Friends with Benefits takes the bold step of clearly outlining  what’s wrong with most romantic comedies — the drawn-out inevitability, the unbelievable endings — then following that outline step by step, saying, “Yeah,  but that’s those otherromantic comedies.”  But if you’re going to so blatantly call out the genre in which your film falls, you might want to do more than just pay lip service to how tired the tropes are in the hope that it makes the audience overlook them when you use them.  And you might want to make sure the supporting cast doesn’t completely overshadow your two leads.Not to say that Justin Timberlake and Mila Kunis don’t ooze charisma in this.  They’re young, they’re sexy, they’re funny, and they obviously have great chemistry together.  It’s just that they don’t do enough to alleviate the predictability of their story.  You know from the moment of their meet-cute, with Timberlake’s Dylan seeing Kunis’ Jamie impishly perched atop a baggage return conveyor, that these two are going to end up together.  And that’s part of the problem the film has with its own premise.  These aren’t two long-time friends who commiserate over their romantic misfortunes and decide to embark on a no-strings physical relationship.  These are two strangers who have such undeniable romantic chemistry when they first  meet — Jamie spends the day touring Dylan around New York, even taking him to her personal retreat atop a skyscraper — that, even given the fact they’ve just been burned in their previous relationships, it doesn’t make sense they decide to just be friends.  It’s simply a cinematic contrivance designed to delay the inevitable, but what it really delays is the beginning of the actual plot, since we have to get all this out of the way before we can move on to the “friends with benefits” portion of the film.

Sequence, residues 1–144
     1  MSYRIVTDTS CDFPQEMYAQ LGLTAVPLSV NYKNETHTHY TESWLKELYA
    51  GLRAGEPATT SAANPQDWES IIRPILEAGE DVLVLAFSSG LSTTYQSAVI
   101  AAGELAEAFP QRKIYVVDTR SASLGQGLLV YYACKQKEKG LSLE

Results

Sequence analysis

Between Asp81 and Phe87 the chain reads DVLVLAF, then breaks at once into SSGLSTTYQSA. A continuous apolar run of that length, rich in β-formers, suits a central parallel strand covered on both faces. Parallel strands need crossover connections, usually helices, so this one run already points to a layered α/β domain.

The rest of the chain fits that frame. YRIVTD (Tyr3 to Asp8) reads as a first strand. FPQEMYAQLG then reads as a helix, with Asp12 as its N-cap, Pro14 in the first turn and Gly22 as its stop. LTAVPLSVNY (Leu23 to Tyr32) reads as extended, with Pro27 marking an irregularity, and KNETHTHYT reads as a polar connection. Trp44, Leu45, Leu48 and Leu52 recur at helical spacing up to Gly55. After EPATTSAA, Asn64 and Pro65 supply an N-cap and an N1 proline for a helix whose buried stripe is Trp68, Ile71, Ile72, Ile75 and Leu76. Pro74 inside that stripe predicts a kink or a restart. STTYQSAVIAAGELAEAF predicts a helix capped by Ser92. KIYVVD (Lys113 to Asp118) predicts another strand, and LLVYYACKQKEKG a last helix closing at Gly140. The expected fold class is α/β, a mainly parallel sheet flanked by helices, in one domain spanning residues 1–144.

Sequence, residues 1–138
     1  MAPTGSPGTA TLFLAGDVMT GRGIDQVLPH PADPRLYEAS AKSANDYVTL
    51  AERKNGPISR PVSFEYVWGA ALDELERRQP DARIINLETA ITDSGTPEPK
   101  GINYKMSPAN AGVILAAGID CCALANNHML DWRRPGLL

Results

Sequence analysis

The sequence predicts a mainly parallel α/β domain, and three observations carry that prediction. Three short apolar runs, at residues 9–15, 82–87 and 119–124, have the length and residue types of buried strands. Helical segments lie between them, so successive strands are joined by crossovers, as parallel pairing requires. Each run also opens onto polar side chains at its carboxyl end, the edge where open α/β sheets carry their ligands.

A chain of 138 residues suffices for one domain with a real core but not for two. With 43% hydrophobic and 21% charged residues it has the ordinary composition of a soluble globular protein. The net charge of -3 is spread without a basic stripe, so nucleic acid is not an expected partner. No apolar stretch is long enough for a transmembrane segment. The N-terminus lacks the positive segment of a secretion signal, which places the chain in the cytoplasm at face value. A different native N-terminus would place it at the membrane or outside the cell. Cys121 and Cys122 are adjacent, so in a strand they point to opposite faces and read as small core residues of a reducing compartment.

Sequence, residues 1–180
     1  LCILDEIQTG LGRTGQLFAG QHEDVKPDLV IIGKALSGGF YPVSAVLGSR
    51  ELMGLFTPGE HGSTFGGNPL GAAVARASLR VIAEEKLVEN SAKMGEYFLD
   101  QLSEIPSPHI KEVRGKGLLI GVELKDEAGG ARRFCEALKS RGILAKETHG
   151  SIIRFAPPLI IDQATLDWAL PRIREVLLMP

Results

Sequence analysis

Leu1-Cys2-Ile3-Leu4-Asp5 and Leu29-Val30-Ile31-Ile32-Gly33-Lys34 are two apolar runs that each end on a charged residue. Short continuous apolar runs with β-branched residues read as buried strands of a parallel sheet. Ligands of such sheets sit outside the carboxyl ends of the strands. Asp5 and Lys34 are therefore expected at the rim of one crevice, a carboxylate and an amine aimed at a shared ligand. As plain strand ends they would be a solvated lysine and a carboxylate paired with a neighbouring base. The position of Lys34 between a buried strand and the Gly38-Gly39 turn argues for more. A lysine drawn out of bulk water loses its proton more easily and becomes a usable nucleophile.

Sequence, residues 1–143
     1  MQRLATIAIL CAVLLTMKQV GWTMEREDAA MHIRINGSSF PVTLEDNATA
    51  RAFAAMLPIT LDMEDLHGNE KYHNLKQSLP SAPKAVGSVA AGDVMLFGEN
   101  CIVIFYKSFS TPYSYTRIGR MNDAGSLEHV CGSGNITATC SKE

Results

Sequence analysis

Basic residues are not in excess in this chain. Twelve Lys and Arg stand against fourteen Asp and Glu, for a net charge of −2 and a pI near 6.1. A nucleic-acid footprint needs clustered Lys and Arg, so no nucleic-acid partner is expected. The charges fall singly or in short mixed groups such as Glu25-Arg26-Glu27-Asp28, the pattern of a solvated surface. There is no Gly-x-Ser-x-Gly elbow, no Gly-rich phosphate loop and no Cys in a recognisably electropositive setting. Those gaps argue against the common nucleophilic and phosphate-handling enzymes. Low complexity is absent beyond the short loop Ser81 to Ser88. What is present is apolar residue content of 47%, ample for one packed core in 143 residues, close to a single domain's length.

So then it’s all aboard the romantic complication express, where everybody sees how perfect Jamie and Dylan are for each except, of course, Jamie and Dylan, or at least they don’t see it at the same time.  Here’s where the other problem rears its head.  For all the charm Timberlake and Kunis bring to their parts, there’s a much better movie lurking in every relationship they have except the one with each other.  There’s Dylan dealing with his Alzheimer-stricken father.  There’s Jamie dealing with her liberated, undependable mother.  And there’s Woody Harrelson, who, as Dylan’s boisterously gay friend and co-worker, flat-out steals this movie out from under everybody.  It’s not a stereotyped performance, just a man who’s incredibly confident and secure in his orientation, and Harrelson milks it for all its worth.  He’s fun and surprising and a real bright spot amid the formula.

Here’s the thing though:  when the end does roll around, and Dylan makes his big romantic gesture that he promises is much better than the one from the tawdry romantic movie Jamie loves, I smiled despite myself.  Timberlake and Kunis have enough going for them that, despite it being a conclusion they should have come to an hour ago, you’re happy to see them finally come to their senses.  Even if it means having ignored ours for a little while.

The Immortal Beard: #3 — Jaws